This content is from: Corner Office

Could Quants Transform ESG?

As data on environmental, social, and governance factors become more widespread, some quantitative managers are bringing systematic thinking to ESG investing.

  • Julie Segal

When it comes to investing in accordance with environmental, social, and governance principles, quantitative managers have made few inroads. Now, that’s slowly changing.

Quant manager Acadian Asset Management is launching the first actively managed emerging markets strategy free of companies that own fossil fuel reserves. Others may follow now that ESG data is more widely available.

Acadian, which has $82 billion in assets, alreadyincorporates ESG research into its global and international investment process, but the fossil-free strategy is its first standalone investment.

“In the U.S., interest in climate change issues by investors has built over the last 18 to 24 months,” said Asha Mehta, senior portfolio manager and director of responsible investing at Acadian. “This fund grew out of discussions with a consultant who asked whether we could implement a fossil-free strategy and still be able to deliver an attractive alpha profile.” 

Acadian was able to create the strategy in part because it has a broad universe of securities to choose from and can easily rotate from sectors like energy and utilities to others, like consumer discretionary goods. Mehta said quants have a lot more ESG data to work with, even though there are still limitations.

“There is an increasing amount of ESG data available, but not all is predictive of corporate success or returns,” she said. “Better data and regulation of that data will help the industry move forward.”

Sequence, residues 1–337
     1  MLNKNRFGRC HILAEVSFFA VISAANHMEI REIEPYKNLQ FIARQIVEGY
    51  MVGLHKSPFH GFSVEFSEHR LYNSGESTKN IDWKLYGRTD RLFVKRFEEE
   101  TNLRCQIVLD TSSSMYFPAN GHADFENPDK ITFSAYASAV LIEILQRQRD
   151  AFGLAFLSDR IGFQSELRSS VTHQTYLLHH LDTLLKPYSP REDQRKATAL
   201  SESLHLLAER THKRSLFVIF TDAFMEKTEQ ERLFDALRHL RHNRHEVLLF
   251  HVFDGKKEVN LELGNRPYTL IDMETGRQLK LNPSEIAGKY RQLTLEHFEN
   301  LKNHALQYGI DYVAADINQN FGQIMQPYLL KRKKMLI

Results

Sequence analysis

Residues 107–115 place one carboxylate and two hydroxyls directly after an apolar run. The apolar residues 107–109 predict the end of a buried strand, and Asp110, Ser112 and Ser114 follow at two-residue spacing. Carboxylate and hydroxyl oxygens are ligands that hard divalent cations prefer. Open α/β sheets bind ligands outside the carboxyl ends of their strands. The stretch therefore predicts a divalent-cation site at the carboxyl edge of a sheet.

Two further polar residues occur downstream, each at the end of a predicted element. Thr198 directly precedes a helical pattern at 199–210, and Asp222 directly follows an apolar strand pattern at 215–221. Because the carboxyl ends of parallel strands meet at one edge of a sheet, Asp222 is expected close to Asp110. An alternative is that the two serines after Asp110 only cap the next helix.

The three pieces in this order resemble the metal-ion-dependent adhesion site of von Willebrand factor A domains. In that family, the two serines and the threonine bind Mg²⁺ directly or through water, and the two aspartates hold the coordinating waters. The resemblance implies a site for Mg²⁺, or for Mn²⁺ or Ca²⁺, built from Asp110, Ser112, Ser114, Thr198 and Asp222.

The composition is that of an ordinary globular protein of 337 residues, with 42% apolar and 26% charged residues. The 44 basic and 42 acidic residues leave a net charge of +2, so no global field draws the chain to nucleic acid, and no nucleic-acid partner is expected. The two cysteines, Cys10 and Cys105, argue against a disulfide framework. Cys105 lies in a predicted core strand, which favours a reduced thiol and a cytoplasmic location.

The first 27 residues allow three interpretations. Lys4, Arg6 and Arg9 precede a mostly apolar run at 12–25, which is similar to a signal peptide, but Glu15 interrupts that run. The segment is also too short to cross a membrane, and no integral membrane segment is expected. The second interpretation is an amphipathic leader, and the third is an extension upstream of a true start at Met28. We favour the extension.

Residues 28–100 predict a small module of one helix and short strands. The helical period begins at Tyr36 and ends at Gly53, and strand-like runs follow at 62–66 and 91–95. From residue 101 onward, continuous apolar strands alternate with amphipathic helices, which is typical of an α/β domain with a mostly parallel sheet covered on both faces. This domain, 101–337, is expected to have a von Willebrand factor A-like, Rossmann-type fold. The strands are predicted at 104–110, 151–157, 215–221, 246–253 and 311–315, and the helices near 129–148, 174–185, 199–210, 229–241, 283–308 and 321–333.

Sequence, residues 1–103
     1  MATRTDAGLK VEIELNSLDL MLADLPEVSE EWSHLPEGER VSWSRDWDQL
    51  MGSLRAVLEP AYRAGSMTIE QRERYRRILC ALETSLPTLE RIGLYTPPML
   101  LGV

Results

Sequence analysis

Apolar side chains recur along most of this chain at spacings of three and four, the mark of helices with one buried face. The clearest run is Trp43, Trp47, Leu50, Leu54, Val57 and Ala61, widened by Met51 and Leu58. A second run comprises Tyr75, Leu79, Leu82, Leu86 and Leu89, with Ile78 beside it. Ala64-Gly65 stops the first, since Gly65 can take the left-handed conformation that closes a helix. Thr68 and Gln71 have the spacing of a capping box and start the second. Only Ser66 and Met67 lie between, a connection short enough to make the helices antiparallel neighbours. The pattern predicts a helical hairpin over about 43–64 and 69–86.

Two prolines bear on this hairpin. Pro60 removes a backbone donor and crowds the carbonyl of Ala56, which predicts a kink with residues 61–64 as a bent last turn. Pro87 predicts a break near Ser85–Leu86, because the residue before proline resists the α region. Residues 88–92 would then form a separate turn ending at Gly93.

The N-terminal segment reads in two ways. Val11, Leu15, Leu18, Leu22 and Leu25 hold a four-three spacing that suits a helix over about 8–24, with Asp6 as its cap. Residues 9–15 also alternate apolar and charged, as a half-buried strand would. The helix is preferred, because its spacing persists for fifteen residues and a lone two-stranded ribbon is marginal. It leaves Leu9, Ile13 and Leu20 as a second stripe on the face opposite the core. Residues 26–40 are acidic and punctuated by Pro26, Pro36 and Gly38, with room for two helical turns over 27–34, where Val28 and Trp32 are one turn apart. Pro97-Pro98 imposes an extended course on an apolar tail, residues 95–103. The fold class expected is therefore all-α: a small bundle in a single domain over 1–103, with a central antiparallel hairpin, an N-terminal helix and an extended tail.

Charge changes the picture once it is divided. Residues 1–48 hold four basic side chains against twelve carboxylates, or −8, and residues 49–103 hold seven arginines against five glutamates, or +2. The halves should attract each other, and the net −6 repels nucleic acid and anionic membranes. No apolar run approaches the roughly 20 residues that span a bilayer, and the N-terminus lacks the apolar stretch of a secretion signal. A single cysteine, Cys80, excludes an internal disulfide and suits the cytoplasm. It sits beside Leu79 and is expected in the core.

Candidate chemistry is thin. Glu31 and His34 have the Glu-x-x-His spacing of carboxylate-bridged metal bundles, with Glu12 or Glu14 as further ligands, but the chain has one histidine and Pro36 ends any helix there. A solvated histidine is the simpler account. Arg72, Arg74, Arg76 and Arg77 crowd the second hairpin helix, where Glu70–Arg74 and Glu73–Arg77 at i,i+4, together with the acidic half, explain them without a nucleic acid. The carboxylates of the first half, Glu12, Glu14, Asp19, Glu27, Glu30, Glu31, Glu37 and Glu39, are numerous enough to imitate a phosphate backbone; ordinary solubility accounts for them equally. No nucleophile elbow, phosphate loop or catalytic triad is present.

Brian Cho, portfolio manager and head of quantitative research at Chiron Investment Management, a ‘quantamental’ manager using both fundamental and quantitative methods, said there is enormous potential for quants in ESG, but the work is still in its infancy as data, the amount of which is growing, is still difficult to work with and is not frequently updated. He also emphasized that ESG factors are only useful for long-term investments, not short-term.

Although Chiron does not currently use ESG data in its process, Cho said he believes there is a strong connection between ESG factors and company success. Chiron, for example, measures management behavior, which can include how capital is deployed, balance sheet health, and the number of women on boards.

“What usually happens is that a firm that looks good on management behavior is usually good on ESG,” he said.

According to Cho, that quantitative and fundamental analysis is likely the most effective way to get at underlying ESG issues and understand how they could impact a company’s future. “You need judgment,” he said.

Acadian, which was the first quant manager to become a signatory to the U.N.’s Principles of Responsible Investment, said it won’t offer sustainable or similar funds if ESG factors don’t add to their returns. Despite the launch of the new strategy, Acadian is not pulling fossil-fuel investments from its core funds.

Still, some quants think they can fundamentally transform the ability of investors to find companies that embrace ESG principles. Gavin Smith, a v.p. and researcher for QMA, the $116 billion multi-asset manager owned by Prudential Financial, is bullish on the possibilities that unstructured data will bring to the ESG world. Such “unstructured data” can range from people’s comments on social media to data mined from online retailersand sites like Glass Door, which provides salary information and employee reviews.

Being able to systematically make sense of candid quotes and information from people who work at companies about what’s going on internally when it comes to hard-to-measure issues like corporate culture or a commitment to the environment could lead to valuable ESG insights, Smith said.

“This is a better window on the social awareness of a company than what the company formally discloses,” he said. “This could be very exciting.”